Rhino Killer Sues Airline Because He Wants To Bring His Victims Home

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A man who paid $350,000 to shoot a black rhino is now suing an airline for refusing to ship his trophy.

Corey Knowlton, who won a permit for the hunt from the Dallas Safari Club back in 2014 and made the trip in May 2015, made headlines when CNN decided to go along with him on his hunt for an endangered black rhino in Namibia.

"I feel like from day one it's benefitting the black rhino," Knowlton told CNN after he shot Ronnie the rhino. "And I'll feel like that until the day I die."

Now he's suing Delta Airlines, who announced they would stop shipping hunting trophies in August, making it harder for hunters to bring back their wins. "Delta's embargo threatens the tourist safari hunting industry's entire user-pay, sustainable use-based conservation paradigm," the lawsuit says:

It would be catastrophic to people and wildlife to eliminate the most habitat, prey base, operating budget revenue, and community incentives. Wildlife numbers will plummet. But this will occur if Delta continues to discriminate against the cargo of U.S. hunters. Rather than celebrating the conservation contributions of U.S. tourist safari hunters, Delta is vilifying them by refusing to transport the fruits of the hunt: trophies of the prized Big Five. Delta is treating these legally acquired trophies as if they were contraband

"Other than Walter Palmer himself, I cannot think of a less sympathetic plaintiff to challenge Delta's common-sense policy than Corey Knowlton - the Texan who paid to kill one of Africa's rarest black Rhinos," Chris Green, of Harvard Law School, told The Dodo. "No rational airline ever would want to be associated with transporting this endangered animal's butchered body out of Africa just to go hang on some rich American's wall."

Knowlton claims that Delta's new policy makes it seem like "America's business, professional, and civil leaders" are "lumped with traffickers." Hunters say that money is what makes their killing justified, compared to wildlife traffickers and poachers. That the money hunters pay to shoot endangered animals ultimately protects them is a common claim trophy hunters use to justify killing animals who are already being slaughtered at incredibly alarming rates.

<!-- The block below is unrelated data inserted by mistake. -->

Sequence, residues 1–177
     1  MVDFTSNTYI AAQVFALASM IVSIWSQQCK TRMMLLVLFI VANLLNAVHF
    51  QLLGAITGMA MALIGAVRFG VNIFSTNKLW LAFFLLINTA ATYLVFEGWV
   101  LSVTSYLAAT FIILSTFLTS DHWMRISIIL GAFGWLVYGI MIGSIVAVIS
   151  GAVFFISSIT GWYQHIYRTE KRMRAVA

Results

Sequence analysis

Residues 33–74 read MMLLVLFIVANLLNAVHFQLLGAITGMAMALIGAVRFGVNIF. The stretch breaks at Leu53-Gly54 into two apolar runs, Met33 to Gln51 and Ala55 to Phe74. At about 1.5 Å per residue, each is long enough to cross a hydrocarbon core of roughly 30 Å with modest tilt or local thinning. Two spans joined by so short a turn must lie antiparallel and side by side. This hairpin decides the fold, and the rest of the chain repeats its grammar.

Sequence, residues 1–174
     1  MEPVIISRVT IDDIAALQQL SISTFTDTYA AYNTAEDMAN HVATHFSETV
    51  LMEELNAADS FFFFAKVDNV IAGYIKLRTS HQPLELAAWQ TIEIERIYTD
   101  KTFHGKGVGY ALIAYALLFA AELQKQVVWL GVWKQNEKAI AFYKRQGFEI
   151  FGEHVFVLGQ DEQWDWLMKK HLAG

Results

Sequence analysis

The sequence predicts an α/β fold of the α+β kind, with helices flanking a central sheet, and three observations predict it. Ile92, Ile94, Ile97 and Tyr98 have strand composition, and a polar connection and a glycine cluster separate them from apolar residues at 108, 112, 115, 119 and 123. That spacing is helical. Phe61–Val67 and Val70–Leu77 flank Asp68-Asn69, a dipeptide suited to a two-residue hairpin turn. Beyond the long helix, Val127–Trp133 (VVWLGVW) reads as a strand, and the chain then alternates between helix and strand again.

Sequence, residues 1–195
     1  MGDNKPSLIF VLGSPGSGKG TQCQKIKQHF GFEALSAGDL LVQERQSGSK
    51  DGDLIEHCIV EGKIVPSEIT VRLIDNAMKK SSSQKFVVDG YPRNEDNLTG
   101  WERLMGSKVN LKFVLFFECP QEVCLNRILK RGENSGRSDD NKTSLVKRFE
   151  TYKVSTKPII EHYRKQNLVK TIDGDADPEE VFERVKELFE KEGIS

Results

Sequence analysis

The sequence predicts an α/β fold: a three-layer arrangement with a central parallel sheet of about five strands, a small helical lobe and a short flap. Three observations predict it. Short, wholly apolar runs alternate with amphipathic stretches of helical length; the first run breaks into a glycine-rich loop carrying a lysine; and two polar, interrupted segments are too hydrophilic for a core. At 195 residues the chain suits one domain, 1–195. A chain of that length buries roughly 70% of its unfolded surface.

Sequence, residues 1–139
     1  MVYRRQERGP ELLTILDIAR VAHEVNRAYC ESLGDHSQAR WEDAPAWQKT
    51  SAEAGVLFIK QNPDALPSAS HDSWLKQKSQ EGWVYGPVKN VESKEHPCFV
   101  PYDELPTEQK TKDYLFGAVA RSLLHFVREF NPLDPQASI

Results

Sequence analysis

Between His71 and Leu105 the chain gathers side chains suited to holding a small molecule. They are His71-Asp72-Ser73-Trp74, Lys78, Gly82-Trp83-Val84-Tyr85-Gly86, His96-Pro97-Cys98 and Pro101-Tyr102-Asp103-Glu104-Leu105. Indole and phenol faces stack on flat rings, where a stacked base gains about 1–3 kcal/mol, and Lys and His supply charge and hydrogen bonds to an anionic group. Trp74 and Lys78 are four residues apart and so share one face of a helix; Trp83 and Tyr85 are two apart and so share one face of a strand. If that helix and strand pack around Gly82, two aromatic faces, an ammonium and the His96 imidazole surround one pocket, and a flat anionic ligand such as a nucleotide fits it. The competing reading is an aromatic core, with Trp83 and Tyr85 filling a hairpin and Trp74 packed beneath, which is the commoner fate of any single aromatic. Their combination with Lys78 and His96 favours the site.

But this claim ignores the devastating effects the death of an individual animal can have on the bloodline and the animal's existing family members. Further, with animal populations plummeting from loss of habitat to poaching, trophy hunters still kill an estimated 105,000 animals in Africa every year when every individual is crucial to the survival of the species.

"Stunts like this only draw more negative attention to an already controversial cause. The public response to Knowlton's lawsuit will confirm to Delta Air Lines that it did exactly the right thing by listening to the majority of its customers and refusing to participate in the recreational slaughter of Africa's precious wild animals," Green said.

He added: "Endless people can travel to visit a rare African animal during its lifetime - creating a renewable source of tourist dollars that cycles through a local economy over and over again. Yet no matter how high the price, only one person can kill a black rhino and then it is gone forever, just like Cecil."

In just 40 years, the black rhino population has been decimated because of poaching and hunting. Today, according to CNN's coverage of Knowlton's hunt, there are just 5,000 rhinos left in the world. According to other estimates, there are fewer than half that: Just 2,500 black rhinos left on earth.

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CORRECTION: A previous version of this story said that Chris Green was with Animal Legal Defense Fund (ALDF). He's with Harvard Law School.